according to an estimate from the Century Foundation, are collectively home
to more than a quarter of all students. In 1978, the question of
affirmative action and higher education became a national flash point when
it was first taken up by the Supreme Court in Regents of University of
California v Bakke. In that case, the court split decision in Bakke ruled
racial quotas unconstitutional, but also held that race could be considered
as part of the criteria for college admission.
University of California schools would become one of the most acute
examples of the consequences of dismantling affirmative action in 1996.
That year, voters decided to ban the state`s public universities from
considering race in admissions and financial aid decisions. While the
referendum was branded as a colorblind policy, the result of that vote for
African-American, Latino and Native American students applying for
admission to UC schools was immediate and profound. Admission rates for
freshmen from those three groups declined throughout the UC system, but
dropped off most sharply at the most prestigious of California`s public
universities, UCLA and UC Berkeley. The year the policy was instituted,
African-American, Latino and Native American admissions to Berkeley dropped
by more than 50 percent.
In 2003, the Supreme Court struck down affirmative action in Michigan`s
undergraduate admissions, ruling that it violated the Constitution`s
provision for equal protection. Last year, the University of Michigan was
again at the center of a case in which the Supreme Court dealt another blow
to affirmative action policies across the country. The court`s decision
last year followed on the heels of its ruling in 2013 in Fisher v
University of Texas. While the justices stopped short of outlawing
affirmative action, they raised the bar for using race as part of the
admissions program in Texas, and together the court`s decisions over the
past two years might finally push public universities to abandon
affirmative action in favor of other ways to promote diversity.
Meanwhile, efforts to sidestep racial preferences by focusing on
socioeconomic diversity have failed. It failed at least in promising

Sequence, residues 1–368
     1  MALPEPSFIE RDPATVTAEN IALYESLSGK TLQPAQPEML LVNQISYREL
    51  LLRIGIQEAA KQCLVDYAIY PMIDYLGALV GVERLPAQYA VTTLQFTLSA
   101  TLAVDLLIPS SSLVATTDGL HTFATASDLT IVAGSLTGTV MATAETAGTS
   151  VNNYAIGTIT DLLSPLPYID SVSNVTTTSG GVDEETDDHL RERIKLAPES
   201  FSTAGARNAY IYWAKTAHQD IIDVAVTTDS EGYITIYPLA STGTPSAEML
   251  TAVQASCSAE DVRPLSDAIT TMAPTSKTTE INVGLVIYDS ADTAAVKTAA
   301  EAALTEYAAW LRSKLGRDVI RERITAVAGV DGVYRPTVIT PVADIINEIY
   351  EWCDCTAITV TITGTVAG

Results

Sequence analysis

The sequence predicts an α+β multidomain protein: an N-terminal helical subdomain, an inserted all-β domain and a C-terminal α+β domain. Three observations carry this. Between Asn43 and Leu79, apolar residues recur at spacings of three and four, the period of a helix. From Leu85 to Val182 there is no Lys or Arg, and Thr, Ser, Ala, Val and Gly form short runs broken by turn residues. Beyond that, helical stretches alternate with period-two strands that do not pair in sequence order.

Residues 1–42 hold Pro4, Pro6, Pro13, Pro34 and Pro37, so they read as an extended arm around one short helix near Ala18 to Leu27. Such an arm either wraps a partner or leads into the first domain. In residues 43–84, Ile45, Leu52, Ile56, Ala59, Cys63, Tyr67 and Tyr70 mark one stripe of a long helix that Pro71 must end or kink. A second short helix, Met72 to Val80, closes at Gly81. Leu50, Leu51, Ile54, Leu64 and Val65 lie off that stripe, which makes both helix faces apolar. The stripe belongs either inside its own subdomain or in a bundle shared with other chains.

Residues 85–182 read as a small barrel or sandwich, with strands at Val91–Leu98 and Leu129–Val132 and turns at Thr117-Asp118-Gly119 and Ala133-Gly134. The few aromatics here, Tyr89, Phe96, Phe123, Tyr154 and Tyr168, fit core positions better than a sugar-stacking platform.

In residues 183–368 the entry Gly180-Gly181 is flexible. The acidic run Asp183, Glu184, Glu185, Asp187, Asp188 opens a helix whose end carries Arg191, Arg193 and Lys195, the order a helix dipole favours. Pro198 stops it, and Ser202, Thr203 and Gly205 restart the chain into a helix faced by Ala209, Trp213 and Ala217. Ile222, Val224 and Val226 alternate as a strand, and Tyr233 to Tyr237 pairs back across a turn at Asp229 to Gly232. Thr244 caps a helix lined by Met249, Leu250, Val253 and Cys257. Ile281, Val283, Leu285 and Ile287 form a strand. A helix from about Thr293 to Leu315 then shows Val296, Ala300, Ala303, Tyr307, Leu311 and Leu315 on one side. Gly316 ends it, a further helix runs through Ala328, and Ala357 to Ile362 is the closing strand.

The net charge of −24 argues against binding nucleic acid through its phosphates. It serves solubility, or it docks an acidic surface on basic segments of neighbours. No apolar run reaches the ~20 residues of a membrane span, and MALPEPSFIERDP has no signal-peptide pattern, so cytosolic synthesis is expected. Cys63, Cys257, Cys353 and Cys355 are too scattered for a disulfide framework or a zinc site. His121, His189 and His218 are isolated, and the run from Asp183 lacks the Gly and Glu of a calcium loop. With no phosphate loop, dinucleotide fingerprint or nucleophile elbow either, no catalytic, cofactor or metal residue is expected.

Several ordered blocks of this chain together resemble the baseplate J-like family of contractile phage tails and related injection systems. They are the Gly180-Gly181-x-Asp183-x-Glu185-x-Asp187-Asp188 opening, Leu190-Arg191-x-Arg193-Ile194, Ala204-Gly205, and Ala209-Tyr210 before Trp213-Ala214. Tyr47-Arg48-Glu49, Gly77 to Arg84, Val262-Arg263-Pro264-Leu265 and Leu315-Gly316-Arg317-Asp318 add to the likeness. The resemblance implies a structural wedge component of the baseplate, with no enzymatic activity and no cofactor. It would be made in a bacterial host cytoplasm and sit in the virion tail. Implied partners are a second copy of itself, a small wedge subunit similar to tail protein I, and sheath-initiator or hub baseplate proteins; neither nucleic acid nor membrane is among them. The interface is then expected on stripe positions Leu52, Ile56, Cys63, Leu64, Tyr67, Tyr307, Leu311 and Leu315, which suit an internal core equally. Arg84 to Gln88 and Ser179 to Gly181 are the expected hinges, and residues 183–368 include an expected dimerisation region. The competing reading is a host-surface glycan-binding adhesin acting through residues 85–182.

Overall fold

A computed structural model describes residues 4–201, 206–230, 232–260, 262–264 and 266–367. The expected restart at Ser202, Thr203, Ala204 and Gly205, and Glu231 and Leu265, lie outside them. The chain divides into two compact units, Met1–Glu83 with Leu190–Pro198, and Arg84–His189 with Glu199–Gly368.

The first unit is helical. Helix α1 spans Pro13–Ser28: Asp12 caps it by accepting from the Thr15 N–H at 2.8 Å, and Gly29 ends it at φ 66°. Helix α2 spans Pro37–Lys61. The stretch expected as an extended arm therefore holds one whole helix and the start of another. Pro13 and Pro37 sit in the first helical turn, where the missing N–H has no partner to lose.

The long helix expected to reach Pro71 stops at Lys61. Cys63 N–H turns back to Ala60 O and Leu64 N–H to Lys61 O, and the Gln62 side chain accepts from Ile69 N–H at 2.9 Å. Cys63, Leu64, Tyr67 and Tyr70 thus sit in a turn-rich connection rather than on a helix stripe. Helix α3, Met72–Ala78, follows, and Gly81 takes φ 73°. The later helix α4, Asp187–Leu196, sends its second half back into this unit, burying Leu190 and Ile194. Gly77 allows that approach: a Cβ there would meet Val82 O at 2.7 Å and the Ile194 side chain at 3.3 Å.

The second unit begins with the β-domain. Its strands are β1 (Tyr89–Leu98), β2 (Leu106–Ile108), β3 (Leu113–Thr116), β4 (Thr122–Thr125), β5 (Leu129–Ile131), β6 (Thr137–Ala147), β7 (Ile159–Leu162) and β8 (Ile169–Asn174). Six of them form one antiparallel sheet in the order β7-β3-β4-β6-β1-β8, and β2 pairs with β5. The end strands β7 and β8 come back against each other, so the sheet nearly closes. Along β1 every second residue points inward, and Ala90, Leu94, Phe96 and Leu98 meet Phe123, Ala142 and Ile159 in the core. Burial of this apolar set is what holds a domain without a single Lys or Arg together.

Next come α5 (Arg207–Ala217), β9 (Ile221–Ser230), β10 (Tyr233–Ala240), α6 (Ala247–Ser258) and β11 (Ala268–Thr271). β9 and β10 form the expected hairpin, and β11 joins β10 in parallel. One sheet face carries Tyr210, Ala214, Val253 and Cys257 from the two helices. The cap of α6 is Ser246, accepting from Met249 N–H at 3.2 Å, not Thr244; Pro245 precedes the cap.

students from low-income backgrounds. In 2014, a Pew survey found that
barely more than half of low income high school graduates are enrolled in
college, compared with 81 percent of their high income counterparts. And
according to a report from the Brookings Institute, selective colleges with
the endowments to contribute to financial aid have still fallen short of
reaching high achieving students who would qualify for admission but can`t
afford the cost. So while a video may have exposed the diversity practices
of a single fraternity, the systemic dismantling of affirmative action
speaks volumes about our country`s failure to commit to diversity in higher
education. And that is the race talk discussion that we are going to have
HARRIS-PERRY: Welcome back, I`m Melissa Harris-Perry. Yesterday, the
Sigma Alpha Epsilon fraternity chapter at the University of Oklahoma hired
a high profile attorney after this video showing some of their members
participating in a racist chant got the chapter kicked off campus.
HARRIS-PERRY: After the chapter was closed, the university expelled two of
the students that it determined had leadership roles in the incident. And
the University of Oklahoma president David Boren had a strong message for
the other students who were involved.
(BEGIN VIDEO CLIP)
DAVID BOREN, PRESIDENT, UNIVERSITY OF OKLAHOMA: Would I be happy if they
left the university as students and were no longer our students? You
betcha. I`d be happy. We don`t have any room for racists and bigots at
this university. I would be glad if they left.
(END VIDEO CLIP)
HARRIS-PERRY: The National SAE Organization supports the university`s
decision and is moving forward with plans to permanently revoke the
membership of all members of the suspended chapter. The organization has
also disputed statements from the expelled students that they were taught
the song by other members of the fraternity.
Attorney Stephen Jones, who previously represented Oklahoma City bomber,
Timothy McVeigh, was hired by alumni members who served on the board of the
local SAE chapter, which has severed all ties with the national
Jones said, the university`s decision raises legal questions about First
and Fourteenth Amendment rights of the students and that the chapter is not
ruling out legal action against the school.
(BEGIN VIDEO CLIP)
STEPHEN JONES, ATTORNEY FOR OU FRATERNITY CHAPTER: It was President Boren
himself who said who said in a recent case that the University of Oklahoma
believes every student deserves a second chance. We certainly think that`s
true for the members of the SAE house.
(END VIDEO CLIP)
HARRIS-PERRY: In response to the video, University of Oklahoma students
this week sent a message of their own assembling in a diverse coalition to
protest and rally at the SAE frat house.
Joining me now is Michael Eric Dyson, MSNBC political analyst and professor
at Georgetown University, Cristina Beltran, associate professor of Social
and Cultural Analysis at New York University, and Jonathan Metzl, director
of the Center for Medicine, Health and Society and professor of Psychiatry
at Vanderbilt University, and Monroe France, the assistant vice president
for Student Diversity at NYU.
So Monroe, I wanted you here in part because, for me, what happens on the
SAE bus in the moment is deplorable. But all of us are at universities and
I keep thinking, man, our kids are not -- we have a responsibility to these
young people and so much of what our universities have taught them is that
people of color are not the same.
They are to be a little devalued. That they are not like the rest of us,
and if we teach that, how else can we expect anything but other outcomes?
MONROE FRANCE, ASST. VP FOR STUDENT DIVERSITY, NYU: That`s why I really